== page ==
All students should have completed 9 hours of psychology and should be capable of integrating and evaluating information, critical thinking, and writing at the 3000 level.

Course Requirements:

Three exams, a term paper, and a small group project.

All grades will be assigned on a scale of 0 - 100 with:

90 - 100A-,ASuperior Work
80 - 89B-,B,B+Good Work
70 - 79C-,C,C+Satisfactory Work
60 - 69D,D+Passing, but less than Satisfactory (not passing for the major)
Less than 60FFailing

Percent of Grade:

Term Paper15%
Group Project5%
Class Participation/Discussion5%

Examinations: Examination format will include multiple choice, short answer, matching, and essay. They will cover material presented in lecture, readings, and discussion. Three examinations will be given. Each exam will constitute 25% of your final grade.

POLICY STATEMENTS: All exams must be taken on the date scheduled except in case of an emergency. In case of the above, the instructor must be notified in advance that a test is going to be missed. No make-up exams will be provided if you fail to notify and discuss your situation with the instructor. No extra credit work will be made available to make-up for a poor test grade.

Term Paper: Students will be required to write a term paper of 7-10 pages (approximately 2300 to 3000 words). The purpose of the paper is to provide you, the student, with an opportunity to explore an another area within the history and systems of psychology, in depth. You may, for example, you might want to explore a particular concept in the history of psychology or review the works of a key figure. You must include at least 5 references. Your references must be from PRIMARY SOURCES and NOT others' works on the topic or individual. A half page abstract (description of your paper with references) is due by April 5 via email - woolflm@webster.edu. The final paper is due April 26, 2014.

Note: No papers will be accepted concerning Freud, Skinner, or any other theorist that is highly known or a current psychologist. The goal is for you to learn more about individuals or ideas that are important within the history of psychology but are less familiar to you.

Any paper concerning an individual or topic related to women in the history of psychology may be considered for inclusion on the Women's Intellectual Contributions to the Study of Mind and Society web site.

All papers must be submitted electronically in Word format to woolflm@webster.edu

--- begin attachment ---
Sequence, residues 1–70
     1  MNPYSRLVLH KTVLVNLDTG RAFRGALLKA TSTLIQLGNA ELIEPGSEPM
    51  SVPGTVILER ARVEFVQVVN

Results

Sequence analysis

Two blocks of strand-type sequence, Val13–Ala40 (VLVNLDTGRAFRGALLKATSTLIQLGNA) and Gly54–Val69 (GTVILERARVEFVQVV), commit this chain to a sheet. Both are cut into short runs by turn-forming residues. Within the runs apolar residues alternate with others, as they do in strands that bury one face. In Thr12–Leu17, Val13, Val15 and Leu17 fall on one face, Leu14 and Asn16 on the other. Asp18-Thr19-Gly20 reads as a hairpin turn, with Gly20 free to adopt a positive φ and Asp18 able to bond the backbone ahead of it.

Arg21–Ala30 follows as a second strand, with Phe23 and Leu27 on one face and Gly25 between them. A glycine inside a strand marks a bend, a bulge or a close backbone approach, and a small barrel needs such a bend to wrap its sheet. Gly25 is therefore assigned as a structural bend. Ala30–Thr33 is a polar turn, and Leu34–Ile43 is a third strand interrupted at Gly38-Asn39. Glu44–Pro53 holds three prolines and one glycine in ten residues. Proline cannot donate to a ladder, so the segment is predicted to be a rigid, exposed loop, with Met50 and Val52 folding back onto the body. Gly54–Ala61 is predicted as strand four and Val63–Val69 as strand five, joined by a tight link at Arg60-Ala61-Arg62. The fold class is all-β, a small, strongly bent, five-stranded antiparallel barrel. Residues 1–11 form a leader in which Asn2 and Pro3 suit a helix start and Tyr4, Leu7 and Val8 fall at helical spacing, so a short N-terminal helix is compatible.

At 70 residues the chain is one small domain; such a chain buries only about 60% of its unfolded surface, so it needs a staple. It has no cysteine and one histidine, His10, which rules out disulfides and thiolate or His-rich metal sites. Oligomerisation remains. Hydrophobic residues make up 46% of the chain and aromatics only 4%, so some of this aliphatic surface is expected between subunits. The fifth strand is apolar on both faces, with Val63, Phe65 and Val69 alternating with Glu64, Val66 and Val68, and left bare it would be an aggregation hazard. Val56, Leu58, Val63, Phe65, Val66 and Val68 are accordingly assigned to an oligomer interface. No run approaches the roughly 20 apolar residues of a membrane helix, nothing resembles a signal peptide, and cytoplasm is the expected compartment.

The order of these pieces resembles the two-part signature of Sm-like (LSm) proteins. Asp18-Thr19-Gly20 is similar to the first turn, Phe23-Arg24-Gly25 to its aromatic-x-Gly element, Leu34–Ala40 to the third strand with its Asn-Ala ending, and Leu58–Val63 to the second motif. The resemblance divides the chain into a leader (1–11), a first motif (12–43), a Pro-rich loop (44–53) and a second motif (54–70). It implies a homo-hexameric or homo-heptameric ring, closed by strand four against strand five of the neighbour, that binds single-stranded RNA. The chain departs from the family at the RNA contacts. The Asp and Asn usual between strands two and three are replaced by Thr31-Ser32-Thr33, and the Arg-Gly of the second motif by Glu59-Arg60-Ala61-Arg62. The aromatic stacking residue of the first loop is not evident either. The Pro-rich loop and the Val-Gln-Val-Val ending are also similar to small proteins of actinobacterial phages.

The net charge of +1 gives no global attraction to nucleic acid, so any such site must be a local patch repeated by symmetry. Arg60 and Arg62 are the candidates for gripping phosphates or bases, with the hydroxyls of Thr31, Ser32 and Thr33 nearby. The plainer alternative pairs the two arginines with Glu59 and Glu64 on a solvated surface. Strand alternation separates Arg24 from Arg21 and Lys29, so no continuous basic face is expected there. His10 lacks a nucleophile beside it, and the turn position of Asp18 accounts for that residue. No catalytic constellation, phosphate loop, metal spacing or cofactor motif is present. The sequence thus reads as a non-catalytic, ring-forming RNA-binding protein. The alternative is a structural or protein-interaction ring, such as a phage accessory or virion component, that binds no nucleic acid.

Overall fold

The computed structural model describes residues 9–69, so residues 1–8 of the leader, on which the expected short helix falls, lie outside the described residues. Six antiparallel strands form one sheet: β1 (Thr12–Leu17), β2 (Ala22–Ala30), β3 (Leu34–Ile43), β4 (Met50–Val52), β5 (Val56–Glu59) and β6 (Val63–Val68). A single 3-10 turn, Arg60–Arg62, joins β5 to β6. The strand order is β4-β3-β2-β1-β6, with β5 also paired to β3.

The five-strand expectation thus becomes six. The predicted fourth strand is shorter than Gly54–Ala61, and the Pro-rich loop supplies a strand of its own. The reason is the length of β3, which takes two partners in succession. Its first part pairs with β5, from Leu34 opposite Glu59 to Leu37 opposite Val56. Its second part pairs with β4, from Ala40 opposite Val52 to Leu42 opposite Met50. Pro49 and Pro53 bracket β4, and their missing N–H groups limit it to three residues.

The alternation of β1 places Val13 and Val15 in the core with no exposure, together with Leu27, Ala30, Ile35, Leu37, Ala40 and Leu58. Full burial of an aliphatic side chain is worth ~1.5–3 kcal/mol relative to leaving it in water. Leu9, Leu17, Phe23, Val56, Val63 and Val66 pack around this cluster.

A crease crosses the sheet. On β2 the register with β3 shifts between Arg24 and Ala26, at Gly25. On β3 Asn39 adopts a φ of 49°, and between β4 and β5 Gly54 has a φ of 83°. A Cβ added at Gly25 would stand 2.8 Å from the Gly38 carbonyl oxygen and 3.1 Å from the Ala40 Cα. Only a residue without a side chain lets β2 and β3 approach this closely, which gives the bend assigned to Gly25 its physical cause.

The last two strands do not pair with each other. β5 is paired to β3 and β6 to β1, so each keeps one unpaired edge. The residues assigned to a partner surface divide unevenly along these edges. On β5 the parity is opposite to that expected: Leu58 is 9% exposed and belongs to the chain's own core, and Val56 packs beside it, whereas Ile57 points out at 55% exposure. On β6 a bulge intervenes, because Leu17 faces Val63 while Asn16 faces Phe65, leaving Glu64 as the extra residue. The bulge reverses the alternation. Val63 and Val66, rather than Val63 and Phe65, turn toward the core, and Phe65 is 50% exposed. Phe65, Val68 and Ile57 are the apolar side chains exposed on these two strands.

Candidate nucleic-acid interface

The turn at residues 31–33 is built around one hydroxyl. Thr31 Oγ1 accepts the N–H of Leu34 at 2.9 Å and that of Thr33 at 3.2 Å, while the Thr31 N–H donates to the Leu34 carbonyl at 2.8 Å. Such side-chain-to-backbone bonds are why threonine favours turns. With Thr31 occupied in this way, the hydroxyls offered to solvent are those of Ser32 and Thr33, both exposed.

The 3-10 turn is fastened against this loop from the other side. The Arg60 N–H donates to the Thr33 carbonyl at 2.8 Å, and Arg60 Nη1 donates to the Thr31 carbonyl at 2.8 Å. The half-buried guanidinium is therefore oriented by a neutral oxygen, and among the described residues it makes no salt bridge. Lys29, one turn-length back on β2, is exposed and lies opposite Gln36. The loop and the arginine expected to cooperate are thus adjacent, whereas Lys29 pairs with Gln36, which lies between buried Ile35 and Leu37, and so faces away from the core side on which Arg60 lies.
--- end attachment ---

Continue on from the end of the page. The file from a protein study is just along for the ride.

All papers must be typed, double-spaced, have 1 inch margins and in APA format. If you are in doubt as to what this means, see me for details.


Group Presentation: Individuals will be assigned to groups during the third week of class. Each group will be responsible for presenting the history of one of the subfields of psychology to the class during the final week of class. Some of the subfields that individuals might want to consider include but are not limited to:

Students are not limited by these suggestions but all group topics must be approved by the instructor. Major fields of study are not acceptable for a group presentation (e.g., developmental psychology or experimental psychology). Each member of the group must provide an outline and references (in APA format) to the class. Note that each member of the group will be graded individually. There can be no more than three people in a group! Also, be aware that discussing the current research or individuals in a sub-field will not fulfill the requirements of this assignment. You must focus on the history of the subdiscipline.

Extra Credit Opportunity! For 10 points each (10 is the maximum points possible for a single report but may be lower depending on the quality of the report), you may listen to a History of Psychology podcast and write a report about the podcast (3 podcast maximum - although if you do not like the points received on a podcast report, you may complete an additional podcast to replace the report with the lower grade). You need to include:

Podcasts can be found at http://www.yorku.ca/christo/podcasts/. These can also be downloaded through iTunes - just search podcasts for the This Week in the History of Psychology (Christopher Green).

Podcast reports may be submitted at any point in the semester until April 24. Absolutely NO reports will be accepted following that deadline. Keep this deadline in mind and don't wait until the last minute. Absolutely no extensions will be granted regardless of the legitimacy of the problem that may arise (e.g., computer crashes, power outages, illness, etc.). All papers must be submitted electronically in Word format to woolflm@webster.edu